Yoga — One Path, Many Styles (Part III)

By Uta Pippig with the Take The Magic Step® yoga staff
© Tim DeFrisco
© Tim DeFrisco

Part III of “YOGA—One Path, Many Styles” will conclude our little journey to welcome you to different yoga styles. We hope we have introduced to you some interesting and exciting yoga practices. For this article we chose Integral Yoga and Viniyoga, because of their slow pace and suitability for students new to yoga practice.

We recognize that there are many more yoga styles to choose from. Some of your questions might be: What is the right yoga style for me and where can I start practicing? In our summary at the end of this article we try to give you a few guidelines and some practical answers.

Integral Yoga

Sri Swami Satchidananda, the late founder of Integral Yoga, wrote “the goal of Integral Yoga, and the birthright of every individual, is to realize the spiritual unity behind all the diversities in the entire creation and to live harmoniously as members of one universal family.” Satchidananda believed that true and lasting happiness is our very own nature: what we seek is already found within. Since it is infinite, it can be experienced only when we rise above the finite personality. Yoga is both this experience and the means to this experience.

Practice: A typical class will include a well-paced variety of asanas, often with pauses between the asanas to absorb the effects of the posture, allowing for a deepening of the practice. There is a focus on learning to use the asanas and breathing practices to connect with the deeper dimensions of your nature. Because a class almost always contains breath work (pranayama), it’s a great place to learn these techniques.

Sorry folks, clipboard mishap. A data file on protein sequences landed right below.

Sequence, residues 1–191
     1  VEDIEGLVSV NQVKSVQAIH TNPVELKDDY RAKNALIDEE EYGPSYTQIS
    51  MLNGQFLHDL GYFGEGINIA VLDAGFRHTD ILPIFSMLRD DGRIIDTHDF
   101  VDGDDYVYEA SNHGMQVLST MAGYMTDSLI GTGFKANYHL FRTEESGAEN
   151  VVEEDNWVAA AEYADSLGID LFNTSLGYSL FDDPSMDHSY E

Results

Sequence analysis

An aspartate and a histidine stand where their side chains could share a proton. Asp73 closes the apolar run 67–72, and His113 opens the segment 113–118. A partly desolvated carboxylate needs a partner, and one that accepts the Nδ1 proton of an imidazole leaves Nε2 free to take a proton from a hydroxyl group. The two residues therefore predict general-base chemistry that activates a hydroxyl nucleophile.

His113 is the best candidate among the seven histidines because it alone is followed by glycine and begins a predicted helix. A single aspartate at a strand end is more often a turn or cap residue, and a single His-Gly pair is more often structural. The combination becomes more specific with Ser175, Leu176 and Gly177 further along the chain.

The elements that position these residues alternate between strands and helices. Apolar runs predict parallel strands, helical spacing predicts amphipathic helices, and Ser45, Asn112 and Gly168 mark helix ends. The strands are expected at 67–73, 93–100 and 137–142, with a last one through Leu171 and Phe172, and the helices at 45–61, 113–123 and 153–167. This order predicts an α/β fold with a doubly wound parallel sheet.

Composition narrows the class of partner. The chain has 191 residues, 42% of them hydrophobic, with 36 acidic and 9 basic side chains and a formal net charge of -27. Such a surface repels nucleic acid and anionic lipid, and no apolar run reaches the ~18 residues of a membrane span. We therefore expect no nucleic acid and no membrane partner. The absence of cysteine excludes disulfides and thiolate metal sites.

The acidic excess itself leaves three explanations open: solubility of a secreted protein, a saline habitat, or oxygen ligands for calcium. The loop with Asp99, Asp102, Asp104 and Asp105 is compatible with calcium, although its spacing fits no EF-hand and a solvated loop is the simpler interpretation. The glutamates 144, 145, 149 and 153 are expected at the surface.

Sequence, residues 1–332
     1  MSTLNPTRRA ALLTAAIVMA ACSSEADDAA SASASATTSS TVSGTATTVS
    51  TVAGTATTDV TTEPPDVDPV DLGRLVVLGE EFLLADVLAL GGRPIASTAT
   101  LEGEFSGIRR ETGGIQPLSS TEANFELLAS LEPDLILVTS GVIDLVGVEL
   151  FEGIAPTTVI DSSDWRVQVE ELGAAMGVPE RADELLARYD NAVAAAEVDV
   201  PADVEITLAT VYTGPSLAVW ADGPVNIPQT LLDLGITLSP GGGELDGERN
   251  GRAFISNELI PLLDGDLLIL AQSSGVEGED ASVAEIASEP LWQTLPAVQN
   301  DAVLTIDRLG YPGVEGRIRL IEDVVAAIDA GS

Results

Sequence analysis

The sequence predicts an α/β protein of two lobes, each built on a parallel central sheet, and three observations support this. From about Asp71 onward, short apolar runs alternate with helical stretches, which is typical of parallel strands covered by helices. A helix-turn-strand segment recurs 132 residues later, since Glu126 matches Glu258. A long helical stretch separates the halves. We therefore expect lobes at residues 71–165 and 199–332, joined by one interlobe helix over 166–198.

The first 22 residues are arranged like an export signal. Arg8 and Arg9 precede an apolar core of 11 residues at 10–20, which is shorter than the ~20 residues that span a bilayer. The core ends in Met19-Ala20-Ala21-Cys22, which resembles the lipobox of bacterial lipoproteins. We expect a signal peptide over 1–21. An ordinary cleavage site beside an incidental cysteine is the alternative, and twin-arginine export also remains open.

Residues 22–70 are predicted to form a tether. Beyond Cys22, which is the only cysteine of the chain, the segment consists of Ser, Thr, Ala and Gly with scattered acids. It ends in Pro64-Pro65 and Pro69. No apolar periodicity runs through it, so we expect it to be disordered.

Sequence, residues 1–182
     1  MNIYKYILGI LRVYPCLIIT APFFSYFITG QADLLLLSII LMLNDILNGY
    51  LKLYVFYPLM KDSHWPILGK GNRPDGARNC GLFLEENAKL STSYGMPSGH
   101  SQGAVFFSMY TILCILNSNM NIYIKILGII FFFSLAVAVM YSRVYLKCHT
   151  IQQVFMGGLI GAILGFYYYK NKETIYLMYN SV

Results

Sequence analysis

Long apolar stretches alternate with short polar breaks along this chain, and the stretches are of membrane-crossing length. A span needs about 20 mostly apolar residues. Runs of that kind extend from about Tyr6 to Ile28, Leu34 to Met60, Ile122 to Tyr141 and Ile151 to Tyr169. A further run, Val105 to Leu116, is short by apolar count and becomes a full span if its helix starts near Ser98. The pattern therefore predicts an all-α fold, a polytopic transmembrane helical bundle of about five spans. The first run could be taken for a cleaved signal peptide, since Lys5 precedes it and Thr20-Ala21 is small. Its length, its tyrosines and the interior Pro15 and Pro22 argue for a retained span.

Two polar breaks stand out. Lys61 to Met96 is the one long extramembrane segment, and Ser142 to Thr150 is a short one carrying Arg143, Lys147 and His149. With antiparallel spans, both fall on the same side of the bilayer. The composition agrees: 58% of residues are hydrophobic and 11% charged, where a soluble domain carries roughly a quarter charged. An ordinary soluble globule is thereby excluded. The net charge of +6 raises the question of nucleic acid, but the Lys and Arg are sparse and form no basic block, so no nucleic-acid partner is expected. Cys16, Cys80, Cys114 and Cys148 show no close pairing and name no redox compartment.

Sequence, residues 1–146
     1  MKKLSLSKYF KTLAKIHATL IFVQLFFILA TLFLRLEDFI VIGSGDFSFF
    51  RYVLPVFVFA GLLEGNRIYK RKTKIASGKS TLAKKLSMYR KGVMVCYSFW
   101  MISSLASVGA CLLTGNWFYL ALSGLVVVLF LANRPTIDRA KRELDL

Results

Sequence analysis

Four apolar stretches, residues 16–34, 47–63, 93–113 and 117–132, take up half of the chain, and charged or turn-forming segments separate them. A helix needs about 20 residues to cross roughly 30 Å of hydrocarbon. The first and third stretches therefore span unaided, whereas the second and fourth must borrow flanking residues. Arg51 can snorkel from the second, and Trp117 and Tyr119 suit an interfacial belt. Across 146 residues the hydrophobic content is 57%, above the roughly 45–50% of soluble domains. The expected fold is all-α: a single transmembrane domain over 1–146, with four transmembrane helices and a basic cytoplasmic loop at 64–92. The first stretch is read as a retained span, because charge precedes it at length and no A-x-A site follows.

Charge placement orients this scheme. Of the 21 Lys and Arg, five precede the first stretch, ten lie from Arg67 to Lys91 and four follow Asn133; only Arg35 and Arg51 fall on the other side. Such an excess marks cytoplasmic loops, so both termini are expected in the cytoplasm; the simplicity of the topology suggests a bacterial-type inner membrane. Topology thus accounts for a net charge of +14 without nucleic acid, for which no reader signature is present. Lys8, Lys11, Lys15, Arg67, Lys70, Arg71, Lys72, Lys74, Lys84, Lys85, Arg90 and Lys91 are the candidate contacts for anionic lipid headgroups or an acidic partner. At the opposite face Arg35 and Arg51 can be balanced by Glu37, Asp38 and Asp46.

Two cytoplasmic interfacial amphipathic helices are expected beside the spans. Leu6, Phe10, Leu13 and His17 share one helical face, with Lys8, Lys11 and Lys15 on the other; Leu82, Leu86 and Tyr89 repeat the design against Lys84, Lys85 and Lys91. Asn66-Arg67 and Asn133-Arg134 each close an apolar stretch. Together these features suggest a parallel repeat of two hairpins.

Benefits: Integral yoga offers students a strong foundation in body alignment, breath work and other yogic principles. It is a synthesis of methods that develops all sides of the student. They believe your yoga practice can cultivate the awareness and stillness you need to recognize the spirit within your self and within the world. Like other forms of yoga, other benefits are increased strength, flexibility and stability of the body.

Who is it for? This yoga style is beneficial for students of all levels. Because it is consistently a gentle, more meditative practice it is especially suitable for those just starting out, those recovering from illness or injury or participants who simply want a calming, healing experience.

More information:
Integral Yoga Hatha by Sri Swami Satchidananda
The Yoga Sutras of Patanjali Translation and Commentary by Sri Swami Satchidananda

Viniyoga Yoga

Viniyoga is a therapeutic style of yoga taught by the late Sri. T. Krishnamacharya in the 70’s, a descendant of the legendary yogi Nathamuni, who lived in the 9th century, according to the Viniyoga web site. T.K.V. Desikachar, Sri. T. Krishnamacharya’ son, developed his father’s teachings further, which are based on his father’s lifetime studies of Patanjali’s Yoga Sutras. Viniyoga is known as a therapeutic yoga style with gentle-flowing movements, taught in a slower pace than Ashtanga Yoga. Postures can be modified to each student’s unique physical and personal needs. In addition students focus on the breath while practicing.